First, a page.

Thursday, 22 January 2015

History


One Summer – America 1927 by Bill Bryson.

I’ve read several Bryson books and mostly enjoyed them.  This was the latest to land in my lap and was a little different to the normal ‘quirky travel book’.  It charts the summer of 1927 which shaped the future of the USA and indeed the world for a long time to come.  I know little of American history but have no doubt that Bryson has done his research correctly and there is no doubt that 1927 was a hell of a year.  From May to September of that year a whole load of stuff happened that’s for sure.  It began with a notorious murder trial in New York while large parts of the country were underwater from a huge flood of the Mississippi.  Charles Lindberg became the first man to fly across the Atlantic whilst other tried and failed, some dying in the attempt.  Top bankers from USA, Britain & Germany held a meeting and made decisions that led to the stock market crash.  44 people were killed when a nutter blew up a school.  Prohibition was in full swing (we all know what a good idea that turned out to be) but the tide was turning and someone (can’t remember her name but it wasn’t Elliot Ness) worked out a way to bust Al Capone (& others) through tax evasion.  Two immigrant terrorists were executed, Jack Dempsey fighting Carpentier was the first sports event to be broadcast live on radio and this was followed later in the year by the Dempsey vs Tunney rematch.  Also television was invented, the silent film era ended.  Closer to the American heart Babe Ruth had a golden baseball season.  

Hang on a minute…  Dodgy bankers creating a depression, mass murder at a school, immigrants plotting terrorism, the death penalty still doesn't deter murder, gangsters growing rich from prohibition,; Hey don’t worry we have sport!  1927 or right now?  Things have changed but things have stayed the same.  Have we learnt anything from history?

This book was a good read because I learnt a hell of a lot about the good old USA.  I find British history fascinating and America’s short history intriguing.  I knew a little about Charles Lindberg but absolutely nothing about the massive flood that smashed through the states.  I thought dodgy court verdicts, political corruption and fuck witted presidents were a modern phenomenon but it seems they are as old as the constitution.  I was aware that racism was rife in these times (through the beautiful & brilliant Maya Angelou autobiographies) but didn’t know that there were movements towards Nazi style racial purification going on.  I knew about Henry Ford, production lines and the model T but I didn’t realise what a moron the man actually was.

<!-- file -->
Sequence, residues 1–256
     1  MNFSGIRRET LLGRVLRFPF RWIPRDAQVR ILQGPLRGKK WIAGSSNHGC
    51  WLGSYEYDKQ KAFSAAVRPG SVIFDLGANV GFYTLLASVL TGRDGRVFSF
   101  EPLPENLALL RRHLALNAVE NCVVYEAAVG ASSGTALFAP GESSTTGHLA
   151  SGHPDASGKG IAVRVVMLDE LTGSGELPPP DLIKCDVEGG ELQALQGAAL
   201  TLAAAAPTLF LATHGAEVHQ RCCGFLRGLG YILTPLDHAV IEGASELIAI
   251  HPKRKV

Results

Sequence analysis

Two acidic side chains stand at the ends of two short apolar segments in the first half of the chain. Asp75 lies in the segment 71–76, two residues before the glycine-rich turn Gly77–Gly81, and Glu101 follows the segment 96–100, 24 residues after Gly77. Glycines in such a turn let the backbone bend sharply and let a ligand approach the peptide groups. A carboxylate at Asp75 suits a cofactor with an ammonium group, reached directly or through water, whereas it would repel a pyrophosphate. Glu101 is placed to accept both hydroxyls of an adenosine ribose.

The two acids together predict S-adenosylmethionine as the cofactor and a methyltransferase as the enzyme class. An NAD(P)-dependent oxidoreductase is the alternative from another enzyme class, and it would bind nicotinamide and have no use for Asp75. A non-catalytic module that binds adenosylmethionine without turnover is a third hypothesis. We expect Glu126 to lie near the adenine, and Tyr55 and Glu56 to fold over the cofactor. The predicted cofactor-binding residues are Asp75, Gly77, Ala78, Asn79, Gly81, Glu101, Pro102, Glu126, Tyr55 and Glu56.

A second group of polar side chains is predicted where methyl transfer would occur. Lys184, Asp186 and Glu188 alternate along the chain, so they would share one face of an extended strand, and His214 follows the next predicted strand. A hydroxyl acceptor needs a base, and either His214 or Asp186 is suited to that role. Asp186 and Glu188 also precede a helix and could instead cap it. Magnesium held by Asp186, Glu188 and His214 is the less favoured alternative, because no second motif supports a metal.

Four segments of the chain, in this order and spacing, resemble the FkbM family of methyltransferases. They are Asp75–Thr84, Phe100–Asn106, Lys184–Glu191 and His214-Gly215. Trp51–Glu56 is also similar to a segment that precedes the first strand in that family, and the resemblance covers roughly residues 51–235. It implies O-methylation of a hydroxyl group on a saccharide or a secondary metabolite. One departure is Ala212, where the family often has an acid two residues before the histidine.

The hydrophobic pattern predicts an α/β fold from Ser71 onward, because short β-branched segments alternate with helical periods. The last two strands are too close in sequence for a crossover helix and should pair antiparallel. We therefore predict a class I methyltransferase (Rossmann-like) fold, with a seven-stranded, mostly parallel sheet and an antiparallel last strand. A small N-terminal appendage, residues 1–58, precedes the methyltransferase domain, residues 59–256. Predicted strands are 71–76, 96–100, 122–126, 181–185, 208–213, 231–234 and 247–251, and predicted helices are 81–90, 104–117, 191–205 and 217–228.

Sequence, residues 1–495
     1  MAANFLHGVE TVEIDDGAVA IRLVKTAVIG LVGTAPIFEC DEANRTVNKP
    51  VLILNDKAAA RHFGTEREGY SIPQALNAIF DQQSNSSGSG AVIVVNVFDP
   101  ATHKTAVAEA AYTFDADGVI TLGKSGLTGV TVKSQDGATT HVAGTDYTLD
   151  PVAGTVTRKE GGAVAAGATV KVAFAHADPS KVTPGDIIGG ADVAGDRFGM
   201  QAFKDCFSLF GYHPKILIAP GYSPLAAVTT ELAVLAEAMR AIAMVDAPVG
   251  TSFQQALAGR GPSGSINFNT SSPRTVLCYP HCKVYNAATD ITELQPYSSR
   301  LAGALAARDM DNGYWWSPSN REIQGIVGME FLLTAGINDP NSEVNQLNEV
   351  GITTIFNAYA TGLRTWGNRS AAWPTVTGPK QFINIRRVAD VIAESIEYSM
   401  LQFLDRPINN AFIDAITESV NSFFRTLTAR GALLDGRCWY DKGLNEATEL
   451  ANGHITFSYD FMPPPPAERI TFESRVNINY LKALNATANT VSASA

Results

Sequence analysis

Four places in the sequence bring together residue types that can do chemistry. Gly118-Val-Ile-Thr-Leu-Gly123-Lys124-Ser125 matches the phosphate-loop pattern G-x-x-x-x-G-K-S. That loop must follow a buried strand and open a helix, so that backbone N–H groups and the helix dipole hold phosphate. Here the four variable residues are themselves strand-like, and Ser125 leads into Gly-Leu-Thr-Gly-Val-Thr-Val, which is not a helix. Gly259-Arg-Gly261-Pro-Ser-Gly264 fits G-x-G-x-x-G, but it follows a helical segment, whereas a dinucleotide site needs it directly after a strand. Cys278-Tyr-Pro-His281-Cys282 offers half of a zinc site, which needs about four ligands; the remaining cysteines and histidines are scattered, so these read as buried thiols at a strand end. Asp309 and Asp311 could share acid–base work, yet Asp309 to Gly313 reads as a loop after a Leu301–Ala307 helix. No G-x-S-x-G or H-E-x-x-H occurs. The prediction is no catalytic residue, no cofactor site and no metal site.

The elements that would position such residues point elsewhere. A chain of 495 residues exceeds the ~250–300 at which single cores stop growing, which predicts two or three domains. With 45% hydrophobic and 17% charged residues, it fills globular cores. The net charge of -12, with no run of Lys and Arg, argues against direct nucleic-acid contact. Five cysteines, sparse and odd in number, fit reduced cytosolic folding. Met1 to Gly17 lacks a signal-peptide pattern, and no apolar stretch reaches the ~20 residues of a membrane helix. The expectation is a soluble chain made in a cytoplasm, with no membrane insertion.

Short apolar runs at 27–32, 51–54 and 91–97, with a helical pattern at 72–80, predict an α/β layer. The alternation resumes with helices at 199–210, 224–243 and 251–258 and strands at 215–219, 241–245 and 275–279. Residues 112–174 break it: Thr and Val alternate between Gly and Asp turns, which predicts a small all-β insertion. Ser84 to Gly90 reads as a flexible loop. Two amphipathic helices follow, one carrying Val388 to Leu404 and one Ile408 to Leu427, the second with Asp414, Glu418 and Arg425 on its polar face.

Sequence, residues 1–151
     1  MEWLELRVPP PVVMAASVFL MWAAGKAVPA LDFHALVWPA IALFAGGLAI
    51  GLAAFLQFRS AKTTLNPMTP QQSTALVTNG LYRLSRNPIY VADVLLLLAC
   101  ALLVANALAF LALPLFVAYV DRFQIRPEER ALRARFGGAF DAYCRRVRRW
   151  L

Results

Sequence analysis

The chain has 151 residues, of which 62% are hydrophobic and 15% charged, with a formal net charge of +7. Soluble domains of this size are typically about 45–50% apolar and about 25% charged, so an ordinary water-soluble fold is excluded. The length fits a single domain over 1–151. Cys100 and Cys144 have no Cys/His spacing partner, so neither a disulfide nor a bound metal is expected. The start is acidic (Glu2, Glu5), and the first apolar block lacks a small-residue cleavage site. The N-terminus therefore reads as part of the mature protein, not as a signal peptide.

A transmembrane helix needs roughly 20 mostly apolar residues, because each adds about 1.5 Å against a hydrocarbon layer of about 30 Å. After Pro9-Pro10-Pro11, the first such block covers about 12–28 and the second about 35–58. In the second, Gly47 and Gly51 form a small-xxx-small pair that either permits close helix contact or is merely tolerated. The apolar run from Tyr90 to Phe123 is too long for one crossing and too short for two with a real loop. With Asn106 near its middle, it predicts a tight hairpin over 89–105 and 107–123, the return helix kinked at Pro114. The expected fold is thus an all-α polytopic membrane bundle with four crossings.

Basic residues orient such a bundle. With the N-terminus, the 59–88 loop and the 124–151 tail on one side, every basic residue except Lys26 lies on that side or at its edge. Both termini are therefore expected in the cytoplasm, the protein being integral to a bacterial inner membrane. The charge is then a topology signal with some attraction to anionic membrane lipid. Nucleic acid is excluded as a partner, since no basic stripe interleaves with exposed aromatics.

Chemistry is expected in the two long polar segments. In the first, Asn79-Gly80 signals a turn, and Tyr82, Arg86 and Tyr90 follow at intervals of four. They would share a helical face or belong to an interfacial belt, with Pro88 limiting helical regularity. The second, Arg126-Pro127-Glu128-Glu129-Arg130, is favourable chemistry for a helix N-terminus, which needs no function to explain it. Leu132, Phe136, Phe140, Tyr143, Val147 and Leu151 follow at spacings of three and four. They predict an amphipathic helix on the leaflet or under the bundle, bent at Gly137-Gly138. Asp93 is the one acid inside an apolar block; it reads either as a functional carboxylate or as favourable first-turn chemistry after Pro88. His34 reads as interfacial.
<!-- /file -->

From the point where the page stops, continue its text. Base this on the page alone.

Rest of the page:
In general nonfiction rarely holds my attention in the same way as a good novel and ‘One Summer’ was no exception.  It’s a good book that I’m glad to have read but with such a broad subject there will always be sections I find fascinating and others I can’t be bothered with.

The Book Thief” by Markus Zusak was as good as any book I read last year so I don’t know how I forgot to mention it the other day.  It’s set in Germany during the Second World War and describes the lives of the ordinary German people through the war years.  We forget these people suffered just as our own grandparents did.  If the author is to be believed many ordinary Germans were offended by the Third Reich too.  The story is told by Death as he charts the life of a young girl Leisel, who sees tragedy, friendship, love, bravery and more tragedy.  She thieves a few books along the way too.  That makes it sound gloomy which it isn’t, there is humour throughout and it’s an uplifting experience.  I loved it.


England are currently playing a three way ODI series in Australia who predictably beat us in the first match.  Next up England managed to batter India and its particularly nice to see Finn getting a load of wickets.  In a few hours we play our third game of the series against the Aussies again, we must be due a win against them?

No comments:

Post a comment